government for false claims to agencies such as
Medicare, with the remainder going to states for
false claims submitted to state Medicaid programs.22
< Also in April, 2010, Ortho-McNeil Pharmaceutical &
Ortho-McNeil-Janssen Pharmaceuticals, both
subsidiaries of Johnson & Johnson, agreed to pay
more than $81 million to resolve criminal and civil
liability arising from the illegal promotion of the
epilepsy drug Topamax.
Ortho-McNeil
Pharmaceutical, which pled guilty to criminal
charges, sponsored a "Doctor-for-a-Day" program, in
which it “hired outside physicians to join sales
representatives in their visits to the offices of health
http://www.reuters.com/article/2010/03/25/pfizer-neurontinidUSN259778920100325.
21
Jim Edwards, Lesson From Pfizer: Don’t Describe Your
Product as “Snake Oil” in Internal Email (Mar. 26, 2010),
http://www.cbsnews.com/8301-505123_162-42844492/lesson-frompfizer-dont-describe-your-product-as-snake-oil-in-internal-email/.
22
DOJ Press Release, Pharmaceutical Giant AstraZeneca to Pay
$520 Million for Off-Label Drug Marketing (Apr. 27, 2010),
http://www.justice.gov/opa/pr/2010/April/10-civ-487.html.
-12care providers and to speak at meetings and dinners
about prescribing Topamax for unapproved uses and
doses.”23
< In 2010, Allergan pled guilty and agreed to pay $600
million for marketing its drug Botox between 2000
and 2005 for such unapproved uses as “headache,
pain, muscle stiffness and juvenile cerebral palsy.”24
< In October 2010, GlaxoSmithKline pled guilty to
felony and misdemeanor charges of manufacturing
and distributing adulterated drugs made at its nowclosed facility in Puerto Rico. The company agreed
to pay a $150 million in criminal fine and forfeiture,
plus $600 million to settle the civil claims. The
manufacturing defects caused the drugs to fall
outside the parameters of their FDA approvals.25
DOJ Press Release, Two Johnson & Johnson Subsidiaries to
Pay Over $81 Million to Resolve Allegations of Off-Label
Promotion of Topamax (Apr. 29, 2010), http://www.justice.gov/opa/
pr/2010/April/10-civ-500.html.
23
24
Catherine Larkin, Allergan Will Pay Fine, Plead Guilty to
Misdemeanor,
Bloomberg (Sept.
1,
2010),
http://www.bloomberg.com/news/2010-09-01/allergan-will-pay-600million-plead-guilty-to-misdemeanor-in-botox-probe.html.
DOJ Press Release, GlaxoSmithKline to Plead Guilty & Pay
$750 Million to Resolve Criminal and Civil Liability Regarding
Manufacturing Deficiencies at Puerto Rico Plant (Oct. 26, 2010),
http://www.justice.gov/opa/pr/2010/October/10-civ-1205.html.
25
-13< In December 2010, Elan agreed to pay more than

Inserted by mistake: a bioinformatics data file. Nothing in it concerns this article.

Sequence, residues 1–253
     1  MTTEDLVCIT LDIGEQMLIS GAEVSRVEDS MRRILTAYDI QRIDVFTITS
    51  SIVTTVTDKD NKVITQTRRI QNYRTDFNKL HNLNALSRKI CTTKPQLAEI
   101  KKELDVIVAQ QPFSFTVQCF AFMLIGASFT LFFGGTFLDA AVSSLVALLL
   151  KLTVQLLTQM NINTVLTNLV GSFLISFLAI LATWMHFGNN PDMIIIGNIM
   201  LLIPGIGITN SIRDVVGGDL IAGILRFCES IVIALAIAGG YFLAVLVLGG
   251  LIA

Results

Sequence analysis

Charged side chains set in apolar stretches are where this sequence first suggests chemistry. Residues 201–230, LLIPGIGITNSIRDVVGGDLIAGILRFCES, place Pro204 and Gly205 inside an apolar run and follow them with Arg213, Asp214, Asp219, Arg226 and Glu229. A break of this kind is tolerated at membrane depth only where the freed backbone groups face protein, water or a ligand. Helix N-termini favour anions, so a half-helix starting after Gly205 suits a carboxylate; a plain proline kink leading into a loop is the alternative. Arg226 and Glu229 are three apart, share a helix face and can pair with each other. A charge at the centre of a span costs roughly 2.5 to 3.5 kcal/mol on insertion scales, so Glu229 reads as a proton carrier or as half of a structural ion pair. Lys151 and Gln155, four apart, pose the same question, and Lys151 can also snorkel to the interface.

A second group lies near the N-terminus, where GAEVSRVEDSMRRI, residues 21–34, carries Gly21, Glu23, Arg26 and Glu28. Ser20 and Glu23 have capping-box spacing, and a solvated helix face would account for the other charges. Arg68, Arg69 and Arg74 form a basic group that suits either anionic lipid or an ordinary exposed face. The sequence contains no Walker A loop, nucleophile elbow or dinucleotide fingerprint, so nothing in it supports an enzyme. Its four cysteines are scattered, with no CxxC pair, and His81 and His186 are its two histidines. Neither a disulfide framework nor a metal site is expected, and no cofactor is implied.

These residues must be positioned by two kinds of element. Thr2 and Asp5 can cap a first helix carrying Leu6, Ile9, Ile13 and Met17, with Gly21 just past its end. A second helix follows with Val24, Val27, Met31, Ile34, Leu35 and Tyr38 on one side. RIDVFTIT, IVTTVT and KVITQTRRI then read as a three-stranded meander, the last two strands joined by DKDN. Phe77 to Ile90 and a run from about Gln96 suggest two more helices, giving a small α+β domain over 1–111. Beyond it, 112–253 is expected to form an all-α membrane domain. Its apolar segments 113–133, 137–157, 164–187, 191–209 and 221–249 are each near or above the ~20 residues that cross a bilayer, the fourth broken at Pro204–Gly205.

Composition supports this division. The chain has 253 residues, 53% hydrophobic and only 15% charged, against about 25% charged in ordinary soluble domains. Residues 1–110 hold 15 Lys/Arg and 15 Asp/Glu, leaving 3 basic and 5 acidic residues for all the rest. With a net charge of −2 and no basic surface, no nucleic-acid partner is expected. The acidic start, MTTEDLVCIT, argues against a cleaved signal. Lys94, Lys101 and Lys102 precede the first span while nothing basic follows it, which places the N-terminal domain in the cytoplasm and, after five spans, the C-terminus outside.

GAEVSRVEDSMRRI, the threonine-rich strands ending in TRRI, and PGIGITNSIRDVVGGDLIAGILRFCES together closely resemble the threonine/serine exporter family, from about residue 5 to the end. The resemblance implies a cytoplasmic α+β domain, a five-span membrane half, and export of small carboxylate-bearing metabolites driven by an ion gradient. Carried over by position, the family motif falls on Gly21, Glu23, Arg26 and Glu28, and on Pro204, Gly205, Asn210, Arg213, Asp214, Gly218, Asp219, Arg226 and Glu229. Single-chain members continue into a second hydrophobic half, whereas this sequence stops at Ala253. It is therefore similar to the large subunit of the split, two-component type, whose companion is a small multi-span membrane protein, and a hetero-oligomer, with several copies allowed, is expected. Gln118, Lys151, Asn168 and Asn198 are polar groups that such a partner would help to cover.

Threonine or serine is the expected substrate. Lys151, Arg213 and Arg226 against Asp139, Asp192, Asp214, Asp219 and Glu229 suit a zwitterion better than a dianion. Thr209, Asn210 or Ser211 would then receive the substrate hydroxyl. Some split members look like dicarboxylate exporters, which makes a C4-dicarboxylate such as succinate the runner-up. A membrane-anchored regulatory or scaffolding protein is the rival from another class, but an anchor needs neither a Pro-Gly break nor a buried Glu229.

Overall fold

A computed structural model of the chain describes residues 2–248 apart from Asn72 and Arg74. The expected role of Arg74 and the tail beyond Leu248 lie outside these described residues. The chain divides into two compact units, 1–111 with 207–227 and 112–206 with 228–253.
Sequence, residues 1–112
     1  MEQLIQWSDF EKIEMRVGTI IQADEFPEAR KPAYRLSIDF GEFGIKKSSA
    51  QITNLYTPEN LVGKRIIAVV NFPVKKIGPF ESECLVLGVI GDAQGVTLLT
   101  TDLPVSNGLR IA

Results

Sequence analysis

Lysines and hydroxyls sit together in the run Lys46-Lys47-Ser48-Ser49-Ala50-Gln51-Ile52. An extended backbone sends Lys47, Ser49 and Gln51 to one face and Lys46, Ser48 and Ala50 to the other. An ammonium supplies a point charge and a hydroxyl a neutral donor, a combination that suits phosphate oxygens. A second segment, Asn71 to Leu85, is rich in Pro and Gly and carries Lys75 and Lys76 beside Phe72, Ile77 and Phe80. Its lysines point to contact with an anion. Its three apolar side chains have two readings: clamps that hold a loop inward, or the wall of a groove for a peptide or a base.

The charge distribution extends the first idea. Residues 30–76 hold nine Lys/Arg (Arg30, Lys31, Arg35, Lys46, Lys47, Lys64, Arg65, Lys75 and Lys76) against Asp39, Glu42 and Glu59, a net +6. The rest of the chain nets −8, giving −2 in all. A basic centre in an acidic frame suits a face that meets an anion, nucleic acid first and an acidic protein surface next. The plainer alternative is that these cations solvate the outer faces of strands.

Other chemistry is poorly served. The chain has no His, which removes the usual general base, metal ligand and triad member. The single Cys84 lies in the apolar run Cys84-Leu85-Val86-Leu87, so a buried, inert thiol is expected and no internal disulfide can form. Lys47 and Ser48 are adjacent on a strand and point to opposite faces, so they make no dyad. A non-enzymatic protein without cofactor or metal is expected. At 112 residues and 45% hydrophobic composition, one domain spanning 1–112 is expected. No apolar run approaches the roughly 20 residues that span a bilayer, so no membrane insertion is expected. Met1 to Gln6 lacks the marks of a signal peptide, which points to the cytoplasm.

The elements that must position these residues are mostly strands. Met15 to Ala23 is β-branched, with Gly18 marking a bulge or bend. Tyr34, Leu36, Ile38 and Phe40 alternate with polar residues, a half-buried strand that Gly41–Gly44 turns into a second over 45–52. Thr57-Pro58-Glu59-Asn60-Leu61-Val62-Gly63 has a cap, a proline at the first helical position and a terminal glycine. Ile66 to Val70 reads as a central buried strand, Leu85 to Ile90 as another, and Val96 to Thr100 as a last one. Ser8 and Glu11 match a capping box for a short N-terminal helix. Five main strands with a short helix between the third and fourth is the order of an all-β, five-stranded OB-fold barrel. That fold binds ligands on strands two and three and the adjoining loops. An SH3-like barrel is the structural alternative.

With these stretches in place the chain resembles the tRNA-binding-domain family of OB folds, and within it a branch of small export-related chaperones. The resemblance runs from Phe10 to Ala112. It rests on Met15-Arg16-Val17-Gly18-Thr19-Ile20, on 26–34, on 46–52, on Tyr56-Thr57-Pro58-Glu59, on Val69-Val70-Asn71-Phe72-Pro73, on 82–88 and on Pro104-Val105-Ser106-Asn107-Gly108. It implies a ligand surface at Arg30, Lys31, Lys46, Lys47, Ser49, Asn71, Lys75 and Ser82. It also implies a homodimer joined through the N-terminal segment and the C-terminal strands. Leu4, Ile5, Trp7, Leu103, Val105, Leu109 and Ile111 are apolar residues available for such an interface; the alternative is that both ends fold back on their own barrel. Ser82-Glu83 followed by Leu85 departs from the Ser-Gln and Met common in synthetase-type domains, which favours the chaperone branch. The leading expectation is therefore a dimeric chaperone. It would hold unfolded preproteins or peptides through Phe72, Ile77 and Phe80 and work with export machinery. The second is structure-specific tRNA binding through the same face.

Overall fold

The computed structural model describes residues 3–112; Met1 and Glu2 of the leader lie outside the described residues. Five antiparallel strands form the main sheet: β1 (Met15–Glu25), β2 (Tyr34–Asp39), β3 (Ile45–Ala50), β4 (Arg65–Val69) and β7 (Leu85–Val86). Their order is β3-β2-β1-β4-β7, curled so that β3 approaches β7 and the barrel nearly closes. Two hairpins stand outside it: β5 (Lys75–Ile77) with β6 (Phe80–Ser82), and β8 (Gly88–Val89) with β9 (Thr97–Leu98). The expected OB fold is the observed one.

$203 million to resolve criminal and civil charges
under the FCA for the illegal promotion of the
epilepsy drug Zonegran. Elan promoted Zonegran
for “a wide variety of improper off-label uses
including mood stabilization for mania and bipolar
disorder, migraine headaches, chronic daily
headaches, eating disorders, obesity/weight loss and
seizures in children under the age of 16. Elan’s
off-label marketing efforts targeted non-epilepsy
prescribers and the company paid illegal kickbacks
to physicians in an effort to persuade them to
prescribe Zonegran for these off-label uses.”26
< In October 2011, Pfizer agreed to pay $14.5 million
to resolve FCA allegations that it had marketed its
drug Detrol for uses not approved by FDA.27
< In April 2012, a district court imposed a $321
million criminal fine on Merck for promoting an offlabel use of its drug Vioxx, even after FDA had
warned the company not to do so. This followed a
civil settlement five months earlier, in which Merck
agreed to pay more than $628 million to resolve
allegations of making “inaccurate, unsupported, or
26
DOJ Press Release, Pharmaceutical Companies to Pay $214.5
Million to Resolve Allegations of Off-Label Promotion of Zonegran
(Dec. 15, 2010), http://www.justice.gov/opa/pr/2010/December/10civ-1444.html.
DOJ Press Release, Pfizer to Pay $14.5 Million for Illegal
Marketing of Drug Detrol (Oct. 21, 2011),
http://www.justice.gov/opa/pr/2011/October/11-civ-1389.html.
27
-14misleading statements” regarding the safety of the
drug, as well as allegations of off-label promotion.28
< In May, 2012, Abbot Laboratories agreed to pay $1.5
billion for its criminal and civil liability with respect
to the off-label promotion of its drug Depakote,
significantly to elderly patients. “In an agreed
statement of facts filed in the criminal action,
Abbott admit[ted] that from 1998 through 2006, the
company maintained a specialized sales force
trained to market Depakote in nursing homes for
the control of agitation and aggression in elderly
dementia patients, despite the absence of credible
scientific evidence that Depakote was safe and
effective for that use.” Abbott also waited almost
two years to notify its sales representatives who
were promoting Depakote off-label to treat
schizophrenia that the studies it had funded showed
no benefit for that condition.29
< In the largest health care fraud settlement in U.S.